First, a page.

On appeal from convictions of armed assault with intent to murder, mayhem, and assault and battery by means of a dangerous weapon, this court concluded that the evidence, including the defendant's own testimony as to his state of mind at the time he stabbed the victim, together with other testimony concerning the defendant's conduct on the day of the crimes, would have warranted the jury in finding a reasonable doubt as to whether the defendant was criminally responsible, and, consequently, that it was reversible error for the judge to decline to instruct the jury on criminal responsibility after the defendant requested that he do so. [630-632] O'CONNOR, J., with whom NOLAN & LYNCH, JJ., join, dissenting.
INDICTMENTS found and returned in the Superior Court Department on May 2, 1985.
The cases were tried before James D. McDaniel, Jr., J.
The Supreme Judicial Court granted a request for direct appellate review.
Maureen B. Brodoff, Committee for Public Counsel Services, for the defendant.
Karen J. Kepler, Assistant District Attorney, for the Commonwealth.
WILKINS, J. The defendant has raised one issue on his appeal from his convictions of armed assault with intent to murder, mayhem, and assault and battery by means of a dangerous weapon. He challenges the judge's decision, over the defendant's objections, not to charge the jury on the issue of his criminal responsibility. [Note 1] We conclude that the question is a
close one but that the defendant is correct. The evidence did permit a reasonable doubt concerning the defendant's criminal responsibility.
For the past twenty years, this Commonwealth has followed the rule on criminal responsibility set forth in Section 4.01 (1) of the Model Penal Code, at 66 (Proposed Official Draft 1962). Commonwealth v. McHoul, 352 Mass. 544 , 547 (1967). That section states that "[a] person is not responsible for criminal conduct if at the time of such conduct as a result of mental disease or defect he lacks substantial capacity either to appreciate the criminality [wrongfulness] of his conduct or to conform his conduct to the requirements of law." For the first ten years of the McHoul rule, we decided no case presenting the question whether the evidence was sufficient to require a judge to instruct according to that rule. See Commonwealth v. McInerney, 373 Mass. 136 , 151 (1977). In the past ten years, however, we have had a number of such cases. In some, we have concluded that, if requested, an instruction on criminal responsibility was required on the evidence, and, in others, that no instruction was required. See Commonwealth v. Monico, 396 Mass. 793 , 800-801 (1986) (instruction required; new trial ordered); Commonwealth v. Genius, 387 Mass. 695 , 697-698 (1982) (instruction would have been required, if requested), collecting cases on each aspect.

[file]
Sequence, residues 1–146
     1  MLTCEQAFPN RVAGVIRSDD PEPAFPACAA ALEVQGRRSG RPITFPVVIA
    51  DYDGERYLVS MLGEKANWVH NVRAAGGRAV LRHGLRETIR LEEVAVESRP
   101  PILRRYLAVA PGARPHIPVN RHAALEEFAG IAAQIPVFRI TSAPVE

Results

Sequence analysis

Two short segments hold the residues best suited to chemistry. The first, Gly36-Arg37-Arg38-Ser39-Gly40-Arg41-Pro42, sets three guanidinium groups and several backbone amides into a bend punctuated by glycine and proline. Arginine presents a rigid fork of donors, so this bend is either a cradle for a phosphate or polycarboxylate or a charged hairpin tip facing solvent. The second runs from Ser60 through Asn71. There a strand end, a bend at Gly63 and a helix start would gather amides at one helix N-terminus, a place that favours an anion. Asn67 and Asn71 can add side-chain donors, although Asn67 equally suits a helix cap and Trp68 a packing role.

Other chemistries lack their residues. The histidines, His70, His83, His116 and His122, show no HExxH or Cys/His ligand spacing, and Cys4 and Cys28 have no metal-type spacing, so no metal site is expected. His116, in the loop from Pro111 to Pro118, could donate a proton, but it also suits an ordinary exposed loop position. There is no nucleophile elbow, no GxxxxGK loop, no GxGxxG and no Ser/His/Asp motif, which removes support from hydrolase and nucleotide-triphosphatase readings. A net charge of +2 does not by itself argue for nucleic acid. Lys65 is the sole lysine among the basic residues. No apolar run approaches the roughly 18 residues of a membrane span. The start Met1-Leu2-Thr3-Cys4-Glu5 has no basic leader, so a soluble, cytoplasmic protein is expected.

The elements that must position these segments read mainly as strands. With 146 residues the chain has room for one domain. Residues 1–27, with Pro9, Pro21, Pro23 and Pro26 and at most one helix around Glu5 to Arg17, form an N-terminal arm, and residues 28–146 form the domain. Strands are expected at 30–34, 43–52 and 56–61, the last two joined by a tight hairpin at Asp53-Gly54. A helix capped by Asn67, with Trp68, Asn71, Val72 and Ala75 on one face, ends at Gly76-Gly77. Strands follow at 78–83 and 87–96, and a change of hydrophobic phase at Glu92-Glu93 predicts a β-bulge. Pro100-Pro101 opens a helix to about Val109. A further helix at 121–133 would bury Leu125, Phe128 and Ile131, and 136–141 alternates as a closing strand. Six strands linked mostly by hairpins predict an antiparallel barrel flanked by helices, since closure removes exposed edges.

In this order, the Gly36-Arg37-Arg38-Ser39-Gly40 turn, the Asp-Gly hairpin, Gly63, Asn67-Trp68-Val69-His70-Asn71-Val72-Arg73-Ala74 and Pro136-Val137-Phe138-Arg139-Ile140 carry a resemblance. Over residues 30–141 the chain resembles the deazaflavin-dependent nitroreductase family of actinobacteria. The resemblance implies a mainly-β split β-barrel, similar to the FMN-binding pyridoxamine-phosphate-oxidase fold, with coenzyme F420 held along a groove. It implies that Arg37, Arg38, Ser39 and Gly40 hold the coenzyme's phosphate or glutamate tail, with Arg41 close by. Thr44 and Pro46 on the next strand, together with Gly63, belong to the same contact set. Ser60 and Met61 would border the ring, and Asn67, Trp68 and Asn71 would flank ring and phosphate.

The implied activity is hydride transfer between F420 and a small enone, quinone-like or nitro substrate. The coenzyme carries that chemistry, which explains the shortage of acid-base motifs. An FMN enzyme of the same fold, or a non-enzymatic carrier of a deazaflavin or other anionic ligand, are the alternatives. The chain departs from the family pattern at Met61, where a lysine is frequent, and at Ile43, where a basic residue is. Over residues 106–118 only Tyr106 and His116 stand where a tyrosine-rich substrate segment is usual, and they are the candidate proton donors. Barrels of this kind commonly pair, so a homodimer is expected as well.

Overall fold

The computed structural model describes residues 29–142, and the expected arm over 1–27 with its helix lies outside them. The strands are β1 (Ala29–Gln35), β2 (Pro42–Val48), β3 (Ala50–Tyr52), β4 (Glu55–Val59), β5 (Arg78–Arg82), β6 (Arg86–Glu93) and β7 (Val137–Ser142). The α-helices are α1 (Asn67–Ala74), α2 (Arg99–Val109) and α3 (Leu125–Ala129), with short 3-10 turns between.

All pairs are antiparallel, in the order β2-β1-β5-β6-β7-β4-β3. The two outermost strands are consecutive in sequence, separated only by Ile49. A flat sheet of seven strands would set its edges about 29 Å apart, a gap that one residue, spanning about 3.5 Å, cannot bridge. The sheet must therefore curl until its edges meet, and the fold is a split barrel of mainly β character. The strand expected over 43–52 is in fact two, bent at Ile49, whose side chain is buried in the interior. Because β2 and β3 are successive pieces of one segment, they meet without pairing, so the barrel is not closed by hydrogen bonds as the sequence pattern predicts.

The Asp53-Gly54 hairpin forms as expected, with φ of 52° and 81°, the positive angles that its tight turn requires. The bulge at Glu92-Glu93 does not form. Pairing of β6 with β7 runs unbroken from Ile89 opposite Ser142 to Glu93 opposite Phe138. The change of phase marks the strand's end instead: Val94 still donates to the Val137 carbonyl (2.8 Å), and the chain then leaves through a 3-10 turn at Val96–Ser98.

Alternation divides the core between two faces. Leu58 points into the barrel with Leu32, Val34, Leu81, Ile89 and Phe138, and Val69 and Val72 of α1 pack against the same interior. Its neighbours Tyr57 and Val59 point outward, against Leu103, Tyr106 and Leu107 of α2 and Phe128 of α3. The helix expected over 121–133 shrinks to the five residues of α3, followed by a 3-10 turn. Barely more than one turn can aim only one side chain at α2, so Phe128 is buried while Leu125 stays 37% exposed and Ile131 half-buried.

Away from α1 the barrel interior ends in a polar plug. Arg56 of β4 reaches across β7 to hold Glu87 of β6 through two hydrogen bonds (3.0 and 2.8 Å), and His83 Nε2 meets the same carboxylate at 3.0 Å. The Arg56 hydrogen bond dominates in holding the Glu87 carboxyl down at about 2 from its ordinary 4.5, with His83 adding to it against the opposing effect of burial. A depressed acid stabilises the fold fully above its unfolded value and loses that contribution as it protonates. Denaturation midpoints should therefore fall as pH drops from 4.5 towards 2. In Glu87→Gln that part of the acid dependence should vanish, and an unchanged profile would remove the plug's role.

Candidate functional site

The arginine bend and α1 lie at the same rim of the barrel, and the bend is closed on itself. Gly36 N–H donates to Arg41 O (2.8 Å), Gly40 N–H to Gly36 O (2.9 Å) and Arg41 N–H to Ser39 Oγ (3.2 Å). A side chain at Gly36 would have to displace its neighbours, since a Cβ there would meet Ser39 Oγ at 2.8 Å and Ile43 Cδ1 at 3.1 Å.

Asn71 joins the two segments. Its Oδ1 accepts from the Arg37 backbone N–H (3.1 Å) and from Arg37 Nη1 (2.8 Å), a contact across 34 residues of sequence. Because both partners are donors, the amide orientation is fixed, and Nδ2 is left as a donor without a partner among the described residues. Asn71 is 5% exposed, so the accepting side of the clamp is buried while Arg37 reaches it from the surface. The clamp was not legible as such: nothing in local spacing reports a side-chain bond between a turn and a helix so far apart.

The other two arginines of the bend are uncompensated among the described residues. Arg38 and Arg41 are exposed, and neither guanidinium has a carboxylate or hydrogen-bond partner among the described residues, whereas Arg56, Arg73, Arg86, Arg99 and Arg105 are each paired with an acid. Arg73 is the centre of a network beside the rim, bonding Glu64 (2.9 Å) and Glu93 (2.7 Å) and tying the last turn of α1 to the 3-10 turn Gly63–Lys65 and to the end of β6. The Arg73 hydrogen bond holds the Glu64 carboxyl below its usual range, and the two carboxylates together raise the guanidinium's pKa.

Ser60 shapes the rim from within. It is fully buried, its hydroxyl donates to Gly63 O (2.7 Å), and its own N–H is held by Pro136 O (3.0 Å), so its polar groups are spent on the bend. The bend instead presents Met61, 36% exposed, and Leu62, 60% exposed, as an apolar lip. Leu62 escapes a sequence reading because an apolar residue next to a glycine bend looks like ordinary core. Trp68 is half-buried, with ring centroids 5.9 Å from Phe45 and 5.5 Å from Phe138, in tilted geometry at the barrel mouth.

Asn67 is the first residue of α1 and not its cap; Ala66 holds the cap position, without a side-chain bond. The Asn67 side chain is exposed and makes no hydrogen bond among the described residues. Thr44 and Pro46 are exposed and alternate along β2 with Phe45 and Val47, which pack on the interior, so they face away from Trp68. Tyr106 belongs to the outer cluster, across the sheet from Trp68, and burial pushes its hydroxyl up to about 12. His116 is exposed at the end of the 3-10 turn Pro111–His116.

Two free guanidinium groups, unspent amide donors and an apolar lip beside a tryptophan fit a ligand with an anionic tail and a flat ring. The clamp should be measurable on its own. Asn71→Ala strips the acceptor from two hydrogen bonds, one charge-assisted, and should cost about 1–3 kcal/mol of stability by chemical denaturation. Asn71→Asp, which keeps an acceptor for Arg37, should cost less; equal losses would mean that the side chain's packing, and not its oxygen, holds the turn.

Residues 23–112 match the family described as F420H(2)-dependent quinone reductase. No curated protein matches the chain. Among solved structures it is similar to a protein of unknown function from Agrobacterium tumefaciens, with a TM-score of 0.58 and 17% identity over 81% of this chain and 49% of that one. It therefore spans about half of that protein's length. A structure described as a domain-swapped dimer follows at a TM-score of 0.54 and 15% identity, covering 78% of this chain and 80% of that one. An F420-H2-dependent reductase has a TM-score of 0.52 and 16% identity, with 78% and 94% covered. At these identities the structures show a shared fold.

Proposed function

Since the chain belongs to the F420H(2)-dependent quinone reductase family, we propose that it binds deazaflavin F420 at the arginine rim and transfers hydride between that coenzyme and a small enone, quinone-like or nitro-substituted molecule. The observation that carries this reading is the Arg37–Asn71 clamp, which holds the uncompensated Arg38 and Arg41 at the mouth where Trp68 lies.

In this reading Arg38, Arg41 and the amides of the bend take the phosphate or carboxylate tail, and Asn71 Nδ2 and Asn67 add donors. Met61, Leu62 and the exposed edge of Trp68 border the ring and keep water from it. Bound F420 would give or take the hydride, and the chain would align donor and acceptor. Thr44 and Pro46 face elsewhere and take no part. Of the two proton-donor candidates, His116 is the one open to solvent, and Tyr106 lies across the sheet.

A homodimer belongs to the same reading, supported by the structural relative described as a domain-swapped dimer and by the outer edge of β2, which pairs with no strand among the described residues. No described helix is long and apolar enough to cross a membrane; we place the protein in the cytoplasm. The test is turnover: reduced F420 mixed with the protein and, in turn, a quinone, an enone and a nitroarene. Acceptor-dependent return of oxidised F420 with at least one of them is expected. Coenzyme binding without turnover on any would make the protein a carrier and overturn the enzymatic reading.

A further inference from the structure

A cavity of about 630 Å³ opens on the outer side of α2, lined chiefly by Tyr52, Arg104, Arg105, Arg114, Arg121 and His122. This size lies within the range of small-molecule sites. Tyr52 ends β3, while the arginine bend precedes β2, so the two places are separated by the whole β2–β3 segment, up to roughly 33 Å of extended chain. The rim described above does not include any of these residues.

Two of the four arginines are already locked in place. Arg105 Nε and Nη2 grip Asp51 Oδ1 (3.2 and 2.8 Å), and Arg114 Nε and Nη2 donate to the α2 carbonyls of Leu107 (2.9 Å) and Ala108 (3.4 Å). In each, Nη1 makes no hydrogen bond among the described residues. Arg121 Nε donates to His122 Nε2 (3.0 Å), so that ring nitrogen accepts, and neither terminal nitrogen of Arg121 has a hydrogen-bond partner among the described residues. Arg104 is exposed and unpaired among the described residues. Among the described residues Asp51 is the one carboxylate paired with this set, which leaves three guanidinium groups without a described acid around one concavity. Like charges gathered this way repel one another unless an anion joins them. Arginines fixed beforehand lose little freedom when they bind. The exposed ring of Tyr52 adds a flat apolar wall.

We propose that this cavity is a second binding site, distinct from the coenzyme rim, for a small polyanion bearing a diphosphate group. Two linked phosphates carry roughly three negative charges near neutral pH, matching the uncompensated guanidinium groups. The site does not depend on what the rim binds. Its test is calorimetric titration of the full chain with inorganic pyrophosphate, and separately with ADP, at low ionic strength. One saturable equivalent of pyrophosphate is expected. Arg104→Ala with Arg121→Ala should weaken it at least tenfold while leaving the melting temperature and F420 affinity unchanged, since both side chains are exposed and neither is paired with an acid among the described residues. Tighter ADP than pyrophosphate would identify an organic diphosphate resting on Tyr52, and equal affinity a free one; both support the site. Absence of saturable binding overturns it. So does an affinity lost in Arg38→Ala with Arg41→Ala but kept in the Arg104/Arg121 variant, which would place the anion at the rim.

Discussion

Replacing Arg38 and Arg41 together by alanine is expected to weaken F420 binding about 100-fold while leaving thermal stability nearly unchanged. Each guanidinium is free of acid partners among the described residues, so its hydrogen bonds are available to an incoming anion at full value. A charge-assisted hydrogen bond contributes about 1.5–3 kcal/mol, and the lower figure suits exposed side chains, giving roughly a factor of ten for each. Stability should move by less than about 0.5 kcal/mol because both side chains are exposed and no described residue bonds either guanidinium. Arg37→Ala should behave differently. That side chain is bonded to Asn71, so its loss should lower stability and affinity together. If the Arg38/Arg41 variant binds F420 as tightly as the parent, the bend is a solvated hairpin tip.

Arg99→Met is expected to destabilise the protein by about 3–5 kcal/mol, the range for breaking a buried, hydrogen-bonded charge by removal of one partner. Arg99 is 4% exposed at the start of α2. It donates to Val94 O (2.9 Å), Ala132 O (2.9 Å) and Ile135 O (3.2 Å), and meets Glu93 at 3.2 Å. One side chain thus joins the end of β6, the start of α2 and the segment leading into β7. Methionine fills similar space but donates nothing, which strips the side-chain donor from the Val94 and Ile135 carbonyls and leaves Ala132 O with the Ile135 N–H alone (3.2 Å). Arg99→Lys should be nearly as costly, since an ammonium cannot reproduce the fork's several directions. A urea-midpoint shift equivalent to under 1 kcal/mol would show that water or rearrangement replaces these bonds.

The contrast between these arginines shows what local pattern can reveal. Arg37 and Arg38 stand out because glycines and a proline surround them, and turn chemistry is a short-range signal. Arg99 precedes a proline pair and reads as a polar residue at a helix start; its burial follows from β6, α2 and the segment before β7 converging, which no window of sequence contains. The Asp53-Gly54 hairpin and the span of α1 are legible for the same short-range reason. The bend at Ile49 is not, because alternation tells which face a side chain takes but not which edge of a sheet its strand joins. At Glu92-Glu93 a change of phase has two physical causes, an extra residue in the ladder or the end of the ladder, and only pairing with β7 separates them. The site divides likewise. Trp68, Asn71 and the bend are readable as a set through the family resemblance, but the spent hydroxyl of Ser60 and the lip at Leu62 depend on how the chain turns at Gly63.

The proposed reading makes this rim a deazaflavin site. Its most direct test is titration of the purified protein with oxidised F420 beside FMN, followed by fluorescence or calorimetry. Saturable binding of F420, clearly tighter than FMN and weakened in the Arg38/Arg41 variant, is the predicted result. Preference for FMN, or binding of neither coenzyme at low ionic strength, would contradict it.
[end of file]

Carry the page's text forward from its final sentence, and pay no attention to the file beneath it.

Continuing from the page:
"An insanity defense may be raised properly by the admission of any evidence which, if believed, might create a reasonable doubt concerning the defendant's criminal responsibility at the time of the [crime]." Commonwealth v. Laliberty, 373 Mass. 238 , 246-247 (1977). [Note 2] Expert testimony is not requiired to raise